The effort reflects Trump’s sense of urgency to score a victory on Obamacare replacement and move on to other legislative objectives, notably tax restructuring. Passing an Affordable Care Act revision would also allow the president to show progress toward a major campaign promise as he completes his first 100 days in office.
“The plan gets better and better and better, and it’s gotten really good, and a lot of people are liking it a lot,” Trump said at a news conference Thursday. “We have a good chance of getting it soon. I’d like to say next week, but we will get it.”
Congressional Republicans also worry that they must attract Democratic support to fund the government past the month’s end — a step they must take by midnight April 28 to avoid a shutdown. That could become difficult if Democrats grow alienated by the effort to alter former president Barack Obama’s key domestic policy achievement, which some White House officials said they hope will come up for a vote as early as Wednesday.
Several congressional GOP aides, who spoke on the condition of anonymity to talk openly about the ongoing negotiations, said they worry that the rushed process threatens to create another embarrassing public failure over health care. The schedule would also make it nearly impossible for lawmakers to finish their work in time for official scorekeepers to provide a clear estimate of how much the legislation would cost or how it would affect coverage numbers.
House GOP aides in Washington worked furiously to scale back expectations for a quick vote on the legislation, citing the fact that lawmakers have not been fully briefed on the discussions. There was no deadline for finishing the legislation as of Thursday evening, and GOP leaders have not committed to plans for a Wednesday vote, according to one House GOP leadership aide.
The fresh hopes for resuscitating the American Health Care Act are pegged to an amendment being offered by Rep. Tom MacArthur (R-N.J.) that aims to attract enough conservatives and moderates that the measure can pass in the House. White House officials said language would be circulated among members in the next few days, and the modifications will be discussed Saturday in a conference-wide call as Republicans prepare to return to Washington next week.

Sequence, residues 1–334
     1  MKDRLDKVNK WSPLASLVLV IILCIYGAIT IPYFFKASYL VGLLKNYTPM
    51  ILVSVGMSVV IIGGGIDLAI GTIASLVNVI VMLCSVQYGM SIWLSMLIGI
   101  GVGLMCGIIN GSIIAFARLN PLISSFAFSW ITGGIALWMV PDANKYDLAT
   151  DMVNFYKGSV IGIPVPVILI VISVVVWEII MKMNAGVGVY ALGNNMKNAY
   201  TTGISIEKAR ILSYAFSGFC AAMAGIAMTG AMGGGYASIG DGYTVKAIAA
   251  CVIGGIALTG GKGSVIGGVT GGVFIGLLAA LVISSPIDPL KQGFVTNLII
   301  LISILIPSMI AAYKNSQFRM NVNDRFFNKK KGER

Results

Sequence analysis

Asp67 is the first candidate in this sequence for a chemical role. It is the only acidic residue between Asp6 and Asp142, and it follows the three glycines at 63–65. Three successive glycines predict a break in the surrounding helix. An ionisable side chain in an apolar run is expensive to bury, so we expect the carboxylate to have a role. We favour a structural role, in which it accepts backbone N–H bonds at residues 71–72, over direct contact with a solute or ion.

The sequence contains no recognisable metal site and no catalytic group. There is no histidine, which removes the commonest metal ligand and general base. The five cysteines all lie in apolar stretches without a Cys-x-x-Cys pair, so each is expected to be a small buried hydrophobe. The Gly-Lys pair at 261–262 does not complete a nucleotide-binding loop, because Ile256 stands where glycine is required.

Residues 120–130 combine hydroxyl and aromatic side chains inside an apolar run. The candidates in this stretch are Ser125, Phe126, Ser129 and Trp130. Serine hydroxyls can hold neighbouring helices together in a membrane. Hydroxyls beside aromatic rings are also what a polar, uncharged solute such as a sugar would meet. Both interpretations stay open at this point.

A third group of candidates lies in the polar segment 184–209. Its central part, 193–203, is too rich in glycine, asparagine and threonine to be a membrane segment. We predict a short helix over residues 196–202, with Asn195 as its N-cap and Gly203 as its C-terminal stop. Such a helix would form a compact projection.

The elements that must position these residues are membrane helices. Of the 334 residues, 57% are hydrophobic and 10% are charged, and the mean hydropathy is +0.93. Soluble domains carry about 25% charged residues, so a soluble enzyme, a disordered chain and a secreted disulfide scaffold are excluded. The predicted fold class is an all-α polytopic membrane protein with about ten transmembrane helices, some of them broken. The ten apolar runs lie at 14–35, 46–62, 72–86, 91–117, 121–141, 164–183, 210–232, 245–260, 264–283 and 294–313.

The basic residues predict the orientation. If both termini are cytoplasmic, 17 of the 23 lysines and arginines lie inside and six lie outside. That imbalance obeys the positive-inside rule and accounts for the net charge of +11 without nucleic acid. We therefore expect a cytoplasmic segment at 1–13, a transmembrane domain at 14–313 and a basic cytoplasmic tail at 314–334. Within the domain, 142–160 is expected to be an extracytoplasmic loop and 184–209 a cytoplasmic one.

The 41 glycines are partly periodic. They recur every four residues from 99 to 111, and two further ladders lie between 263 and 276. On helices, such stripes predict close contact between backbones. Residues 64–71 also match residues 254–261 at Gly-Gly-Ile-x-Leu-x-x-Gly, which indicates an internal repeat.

The MacArthur amendment would allow states to obtain permission from the federal government to write their own list of essential health benefits and allow insurers to charge people with preexisting conditions higher premiums, as long as they also make a high-risk pool available to those patients — a change conservatives have demanded.
As a concession to moderates, the amendment would also add back federal requirements for essential health benefits, which the measure’s current version instead leaves up to states.
House leadership and committees are taking a secondary role in the negotiations, which are being largely carried out by MacArthur, head of the moderate Tuesday Group, and Rep. Mark Meadows (R-N.C.), chairman of the conservative House Freedom Caucus. Members from both groups had balked at voting for the bill last month, forcing leaders to pull it from the floor at the last minute.
Meadows was silent Thursday on whether he supports the proposed changes.
Apart from the publicly embarrassing struggle to reach consensus on an Affordable Care Act revision, some Republicans are also uncomfortable with refocusing on health care just as they are trying to build goodwill with Democrats to pass a stopgap budget plan to keep the government open past April 28.
Republican leaders have already admitted that they are unable to craft a spending bill that can appease the far-right flank of the GOP, and they have turned to Democrats to deliver votes instead. Democrats have so far been willing to work with Republicans to avoid a government shutdown, but any effort to schedule a vote to repeal the Affordable Care Act could destroy those talks and threaten a government shutdown that Republicans have vowed to avoid.
“There isn’t going to be a warm, fuzzy feeling,” House Democratic Caucus Chairman Joseph Crowley (D-N.Y.) said of the impact a health-care repeal effort would have on spending talks.